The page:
Last week I thought that Brian had taken to calling me "Howard the Un-hirable" when I came home from a job interview to that greeting. After a couple days it came up again and he said he didn't call me Howard--he only asked, "How're the Un-hirables today?" By that time I'd spent two days wondering why I didn't at least merit a more feminine name, like Henrietta or Harriet. It doesn't matter anymore, however, because I got a job.
Actually, I got two. I was selected for an internship with Mercy Corps. I'll be working on expanding their partnerships with global universities to improve their ability to recruit interns with highly specialized skills. That job will start next month.
The other job I got is a position tutoring reading at a grade school. Three first-graders and two kindergartners, all Spanish speakers, and I sat at a little table for an hour and a half this afternoon reading stories, practicing same/different concepts, colors, shape names, and learning about "sequence." I hope some learning occurred, anyway. There are several challenges with this group: the fact we meet after school; the fact they speak Spanish and I have to remind them to speak English; the fact that it's four wiggly little boys and one very silly, equally wiggly chatter box little girl; the fact that they basically don't know their letter sounds yet. The first graders know some sounds, but still take the "throw out random guesses" approach if they try to read. After meeting them today, I think I'm going to have to find resources for strategically teaching phonemic and phonological awareness skills (check out my happenin' new lingo!)as if they haven't had it before. I also was reminded how NOISY five and six year olds are, even when they think they're being quiet! It's like they don't even notice that animal sounds and humming and beat boxing is coming out of their mouths, even though they just very correctly and very sincerely told me that one of the rules is that "we work quietly."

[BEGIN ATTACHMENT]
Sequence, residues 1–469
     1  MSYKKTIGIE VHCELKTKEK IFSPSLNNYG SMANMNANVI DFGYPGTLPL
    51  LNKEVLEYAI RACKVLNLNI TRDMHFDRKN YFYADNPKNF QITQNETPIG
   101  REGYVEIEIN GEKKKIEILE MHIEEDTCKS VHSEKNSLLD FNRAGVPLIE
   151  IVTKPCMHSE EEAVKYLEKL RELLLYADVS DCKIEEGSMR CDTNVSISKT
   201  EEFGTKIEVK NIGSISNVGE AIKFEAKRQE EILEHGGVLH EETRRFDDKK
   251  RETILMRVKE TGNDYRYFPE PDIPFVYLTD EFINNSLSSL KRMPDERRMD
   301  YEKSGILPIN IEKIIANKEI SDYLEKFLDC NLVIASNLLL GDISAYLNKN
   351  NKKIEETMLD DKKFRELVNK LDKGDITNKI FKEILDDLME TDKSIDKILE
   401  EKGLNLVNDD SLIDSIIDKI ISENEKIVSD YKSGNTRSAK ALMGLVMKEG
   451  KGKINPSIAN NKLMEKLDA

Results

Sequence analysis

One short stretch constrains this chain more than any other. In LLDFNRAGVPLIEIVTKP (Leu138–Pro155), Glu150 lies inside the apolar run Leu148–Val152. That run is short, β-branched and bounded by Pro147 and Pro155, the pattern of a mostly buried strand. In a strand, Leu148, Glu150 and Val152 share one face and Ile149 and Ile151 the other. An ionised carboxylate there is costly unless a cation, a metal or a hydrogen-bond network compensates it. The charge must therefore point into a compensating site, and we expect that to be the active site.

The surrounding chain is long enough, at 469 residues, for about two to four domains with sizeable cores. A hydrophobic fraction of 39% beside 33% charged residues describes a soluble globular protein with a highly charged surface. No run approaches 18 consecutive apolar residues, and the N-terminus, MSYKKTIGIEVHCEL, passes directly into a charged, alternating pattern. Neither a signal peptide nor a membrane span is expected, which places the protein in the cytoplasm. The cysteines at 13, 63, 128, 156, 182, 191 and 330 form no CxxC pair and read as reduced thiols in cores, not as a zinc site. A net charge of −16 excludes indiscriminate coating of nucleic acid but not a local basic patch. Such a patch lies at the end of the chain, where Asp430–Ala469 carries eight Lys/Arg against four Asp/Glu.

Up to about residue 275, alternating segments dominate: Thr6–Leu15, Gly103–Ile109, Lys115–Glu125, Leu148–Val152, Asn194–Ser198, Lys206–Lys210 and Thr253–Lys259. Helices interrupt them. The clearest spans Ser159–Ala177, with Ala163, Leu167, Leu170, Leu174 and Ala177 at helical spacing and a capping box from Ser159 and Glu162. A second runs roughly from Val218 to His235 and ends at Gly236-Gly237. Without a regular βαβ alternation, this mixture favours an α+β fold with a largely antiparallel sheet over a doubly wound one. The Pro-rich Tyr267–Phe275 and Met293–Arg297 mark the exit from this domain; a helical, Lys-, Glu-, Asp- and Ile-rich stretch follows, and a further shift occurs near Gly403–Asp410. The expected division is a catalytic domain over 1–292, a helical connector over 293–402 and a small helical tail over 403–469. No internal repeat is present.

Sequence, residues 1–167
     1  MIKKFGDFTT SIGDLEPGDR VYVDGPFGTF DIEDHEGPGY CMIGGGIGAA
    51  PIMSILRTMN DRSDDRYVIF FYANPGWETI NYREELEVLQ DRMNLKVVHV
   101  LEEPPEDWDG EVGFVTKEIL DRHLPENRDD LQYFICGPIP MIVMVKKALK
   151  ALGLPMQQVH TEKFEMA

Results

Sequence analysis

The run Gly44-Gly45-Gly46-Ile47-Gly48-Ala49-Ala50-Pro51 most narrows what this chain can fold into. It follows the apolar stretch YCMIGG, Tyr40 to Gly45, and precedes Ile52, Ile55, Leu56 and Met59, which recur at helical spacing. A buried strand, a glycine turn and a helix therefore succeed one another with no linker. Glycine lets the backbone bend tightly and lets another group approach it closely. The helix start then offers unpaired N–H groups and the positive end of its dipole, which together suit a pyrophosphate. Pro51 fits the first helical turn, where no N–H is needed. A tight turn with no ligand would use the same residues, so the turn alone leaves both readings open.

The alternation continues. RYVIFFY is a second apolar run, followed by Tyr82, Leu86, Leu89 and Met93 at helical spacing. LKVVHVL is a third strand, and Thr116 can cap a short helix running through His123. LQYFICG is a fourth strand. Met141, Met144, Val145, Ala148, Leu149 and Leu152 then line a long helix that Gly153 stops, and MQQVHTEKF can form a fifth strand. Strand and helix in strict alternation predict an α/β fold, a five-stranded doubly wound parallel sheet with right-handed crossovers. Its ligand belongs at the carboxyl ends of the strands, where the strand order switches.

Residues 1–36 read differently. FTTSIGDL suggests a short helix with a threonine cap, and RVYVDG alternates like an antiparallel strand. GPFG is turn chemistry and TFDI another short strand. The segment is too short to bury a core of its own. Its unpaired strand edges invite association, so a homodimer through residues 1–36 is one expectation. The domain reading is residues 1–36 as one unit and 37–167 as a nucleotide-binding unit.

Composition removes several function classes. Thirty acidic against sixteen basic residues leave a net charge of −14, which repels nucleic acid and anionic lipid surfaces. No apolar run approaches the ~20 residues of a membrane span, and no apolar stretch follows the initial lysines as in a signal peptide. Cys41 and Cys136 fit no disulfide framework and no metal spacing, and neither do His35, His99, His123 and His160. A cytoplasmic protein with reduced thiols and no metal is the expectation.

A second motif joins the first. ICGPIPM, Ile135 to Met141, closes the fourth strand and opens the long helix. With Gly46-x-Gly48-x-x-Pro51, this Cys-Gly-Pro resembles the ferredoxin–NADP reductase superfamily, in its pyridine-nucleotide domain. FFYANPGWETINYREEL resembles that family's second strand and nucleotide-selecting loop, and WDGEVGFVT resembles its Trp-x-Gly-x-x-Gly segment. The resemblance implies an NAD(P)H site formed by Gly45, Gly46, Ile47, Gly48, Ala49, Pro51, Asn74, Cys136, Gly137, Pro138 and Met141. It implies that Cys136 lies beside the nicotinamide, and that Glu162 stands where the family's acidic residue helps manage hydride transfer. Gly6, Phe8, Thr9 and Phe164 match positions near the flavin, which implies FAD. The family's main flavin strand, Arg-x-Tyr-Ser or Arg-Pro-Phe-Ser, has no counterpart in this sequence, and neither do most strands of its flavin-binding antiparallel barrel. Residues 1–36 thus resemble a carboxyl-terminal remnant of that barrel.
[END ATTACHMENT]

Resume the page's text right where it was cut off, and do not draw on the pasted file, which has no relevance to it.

It was an ok first day, I think, despite the gleeful use of Spanish potty-mouth words (they know I don't understand). Christian is having trouble remembering my name. He says, "Miss..uh..miss...hey, teacher! teacher! I'm done!" The first thing he said in class before he even unpacked his snack was "Read us a story!" That's a good start for a reading group! He also was caught climbing the stalls in the boys bathroom on our break, and his feelings were a little hurt by the (harsh!) scolding he got from one of the guy teachers. Gilberto follows directions well, when he understands them, but when he's in Spanish mode it's hard to get his attention. Saray says her dad builds ships, too, and enthusiastically said "YAY!" when I said I'd be their tutor from now on. Alejandro is as sweet as they come, and wanted me to draw him a duck, then a tiger, than a snake, as part of his story about the duck visiting the snake's planet. Gustavo, who their last teacher said "likes to be contrary" gives articulate answers when asked anything directly, and otherwise acts like he has better things to be doing than sitting in some stupid reading class. He also runs in the hall as soon as he's out of sight, makes funny faces almost constantly, likes Jack and the Bean Stalk, and overstays his turn at the drinking fountain while the other kids chant, "One banana, two banana, three banana SPLIT! Hey! You're supposed to split! We said split! Teacher, he's taking too long! Hey! He's drinking it all! Hey, he got too many drinks! Teacher!'